Elon Musk: Twitter won't become a "free-for-all hellscape"
Elon Musk said in a note Thursday that Twitter must be "warm and welcoming to all" and not a "free-for-all hellscape" in order for it to reach its full potential.
Why it matters: In an overture to advertisers, Musk seemed to walk back the idea of total free speech on Twitter and promoted it as a digital town square with some limitations.
What he's saying: Musk wrote in a tweeted note to advertisers that Twitter should be "a common digital town square, where a wide range of beliefs can be debated in a healthy manner, without resorting to violence."
- "Twitter obviously cannot become a free-for-all hellscape, where anything can be said with no consequences!"
- Musk added that Twitter users must be allowed to choose a "desired experience according to your preferences, just as you can choose, for example, to see movies or play video games ranging from all ages to mature."
Between the lines: Musk’s note to advertisers came shortly after the Wall Street Journal reported that marketers are concerned about Musk’s stance on content moderation and potential conflicts over ads.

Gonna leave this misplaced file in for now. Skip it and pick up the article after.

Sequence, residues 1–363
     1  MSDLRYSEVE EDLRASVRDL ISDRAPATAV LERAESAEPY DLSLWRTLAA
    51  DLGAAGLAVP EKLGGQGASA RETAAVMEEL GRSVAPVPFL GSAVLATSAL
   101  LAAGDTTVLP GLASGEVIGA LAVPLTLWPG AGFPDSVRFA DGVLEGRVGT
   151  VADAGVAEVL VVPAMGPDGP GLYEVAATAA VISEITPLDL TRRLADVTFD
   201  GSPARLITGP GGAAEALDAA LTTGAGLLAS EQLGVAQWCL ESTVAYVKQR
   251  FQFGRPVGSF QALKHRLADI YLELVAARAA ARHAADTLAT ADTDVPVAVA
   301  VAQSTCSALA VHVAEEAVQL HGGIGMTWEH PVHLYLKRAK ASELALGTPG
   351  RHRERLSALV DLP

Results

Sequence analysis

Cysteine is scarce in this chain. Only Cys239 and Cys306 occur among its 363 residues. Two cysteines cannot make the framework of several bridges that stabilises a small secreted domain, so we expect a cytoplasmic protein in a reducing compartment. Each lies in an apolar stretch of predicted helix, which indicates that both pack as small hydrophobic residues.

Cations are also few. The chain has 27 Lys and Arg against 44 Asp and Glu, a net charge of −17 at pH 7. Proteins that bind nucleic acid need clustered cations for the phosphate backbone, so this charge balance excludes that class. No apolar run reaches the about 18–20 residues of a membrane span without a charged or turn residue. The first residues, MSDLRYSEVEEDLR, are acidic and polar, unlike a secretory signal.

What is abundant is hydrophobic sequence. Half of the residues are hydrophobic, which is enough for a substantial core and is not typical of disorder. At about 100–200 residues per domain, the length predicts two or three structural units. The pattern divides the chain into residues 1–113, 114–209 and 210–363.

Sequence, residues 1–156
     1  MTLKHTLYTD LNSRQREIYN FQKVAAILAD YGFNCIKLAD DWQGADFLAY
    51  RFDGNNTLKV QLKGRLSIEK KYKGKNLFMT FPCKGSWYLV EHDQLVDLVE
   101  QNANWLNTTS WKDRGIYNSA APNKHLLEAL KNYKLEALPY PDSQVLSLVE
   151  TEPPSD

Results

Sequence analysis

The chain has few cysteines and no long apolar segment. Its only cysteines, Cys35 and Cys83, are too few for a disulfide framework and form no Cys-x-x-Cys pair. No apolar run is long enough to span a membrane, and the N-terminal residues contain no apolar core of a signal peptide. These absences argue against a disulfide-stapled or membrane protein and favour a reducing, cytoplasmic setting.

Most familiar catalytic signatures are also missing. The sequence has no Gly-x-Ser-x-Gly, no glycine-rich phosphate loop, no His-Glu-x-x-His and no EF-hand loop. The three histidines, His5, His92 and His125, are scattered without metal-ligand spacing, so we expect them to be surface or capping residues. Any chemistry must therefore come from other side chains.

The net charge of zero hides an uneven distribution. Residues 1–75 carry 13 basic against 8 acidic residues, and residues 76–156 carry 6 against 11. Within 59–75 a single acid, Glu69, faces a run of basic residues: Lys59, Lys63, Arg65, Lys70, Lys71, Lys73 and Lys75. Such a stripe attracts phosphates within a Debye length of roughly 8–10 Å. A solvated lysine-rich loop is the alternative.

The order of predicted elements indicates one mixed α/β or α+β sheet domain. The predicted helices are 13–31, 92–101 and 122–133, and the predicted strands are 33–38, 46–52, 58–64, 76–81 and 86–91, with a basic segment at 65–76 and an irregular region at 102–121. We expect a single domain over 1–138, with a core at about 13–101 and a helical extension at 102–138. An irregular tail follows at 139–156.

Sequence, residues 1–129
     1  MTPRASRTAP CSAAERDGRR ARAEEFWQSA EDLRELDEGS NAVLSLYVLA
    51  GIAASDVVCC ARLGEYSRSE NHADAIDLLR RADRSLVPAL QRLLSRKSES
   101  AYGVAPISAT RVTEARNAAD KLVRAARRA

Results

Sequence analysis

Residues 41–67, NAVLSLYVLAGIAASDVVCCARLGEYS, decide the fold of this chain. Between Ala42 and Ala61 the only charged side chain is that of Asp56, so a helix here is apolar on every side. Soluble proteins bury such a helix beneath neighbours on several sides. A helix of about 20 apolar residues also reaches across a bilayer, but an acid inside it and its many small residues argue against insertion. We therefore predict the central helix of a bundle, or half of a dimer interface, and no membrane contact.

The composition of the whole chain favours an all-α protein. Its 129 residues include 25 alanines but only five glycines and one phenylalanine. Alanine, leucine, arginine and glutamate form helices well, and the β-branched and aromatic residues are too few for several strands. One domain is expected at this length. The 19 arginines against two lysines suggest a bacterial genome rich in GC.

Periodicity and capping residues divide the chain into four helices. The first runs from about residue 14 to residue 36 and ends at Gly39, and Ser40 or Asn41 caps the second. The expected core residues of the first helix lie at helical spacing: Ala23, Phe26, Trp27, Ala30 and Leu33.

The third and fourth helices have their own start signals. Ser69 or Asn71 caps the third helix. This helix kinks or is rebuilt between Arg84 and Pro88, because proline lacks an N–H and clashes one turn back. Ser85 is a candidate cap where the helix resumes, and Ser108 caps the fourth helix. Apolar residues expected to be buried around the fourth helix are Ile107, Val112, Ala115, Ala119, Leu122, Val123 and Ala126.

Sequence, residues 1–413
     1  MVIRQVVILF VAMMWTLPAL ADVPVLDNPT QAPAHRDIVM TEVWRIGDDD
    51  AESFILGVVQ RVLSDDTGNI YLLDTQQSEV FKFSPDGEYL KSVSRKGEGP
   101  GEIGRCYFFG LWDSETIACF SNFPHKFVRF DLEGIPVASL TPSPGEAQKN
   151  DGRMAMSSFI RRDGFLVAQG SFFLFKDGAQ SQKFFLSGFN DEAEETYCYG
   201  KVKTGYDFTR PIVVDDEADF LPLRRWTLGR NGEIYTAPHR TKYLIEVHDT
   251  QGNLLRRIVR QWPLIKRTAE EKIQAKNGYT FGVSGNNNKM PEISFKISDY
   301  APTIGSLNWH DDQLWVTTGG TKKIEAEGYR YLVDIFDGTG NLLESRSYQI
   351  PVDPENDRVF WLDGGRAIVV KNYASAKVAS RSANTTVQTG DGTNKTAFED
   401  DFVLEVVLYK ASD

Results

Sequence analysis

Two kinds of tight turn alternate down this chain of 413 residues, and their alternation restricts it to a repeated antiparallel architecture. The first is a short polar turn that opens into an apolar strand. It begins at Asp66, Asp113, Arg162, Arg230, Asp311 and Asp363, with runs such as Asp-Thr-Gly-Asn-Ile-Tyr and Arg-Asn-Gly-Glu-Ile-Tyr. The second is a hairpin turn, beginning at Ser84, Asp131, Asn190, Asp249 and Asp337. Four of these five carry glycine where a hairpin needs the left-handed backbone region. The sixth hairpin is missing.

The big picture: Musk has been pushing for free speech-first Twitter since April, saying that the social media company should follow the laws of the country and not regulate people’s words, Axios’ Ina Fried reported.
- “If it's a gray area, I would say let the tweet exist,” Musk said at the TED2022 conference in April about content moderation. “In a case where there's perhaps a lot of controversy, you don't necessarily promote that tweet."
Meanwhile, social media companies that have held an “anything goes” policy have often seen their platforms lead to more violence, spam, fraud and bullying, Ina writes.
- Election misinformation, deep fakes and manipulated media, targeted attacks and hate speech, and other currently barred content could return if Twitter becomes free speech first, Axios reports.
Thought bubble via Axios' Peter Allen Clark: The ongoing saga over the Twitter deal has been marked by backtracking and trolling, so any pledge to make the social media platform a welcoming place should be taken with a grain of salt.
Go deeper: A timeline of the Musk-Twitter deal so far
Editor's note: This story was updated with details throughout.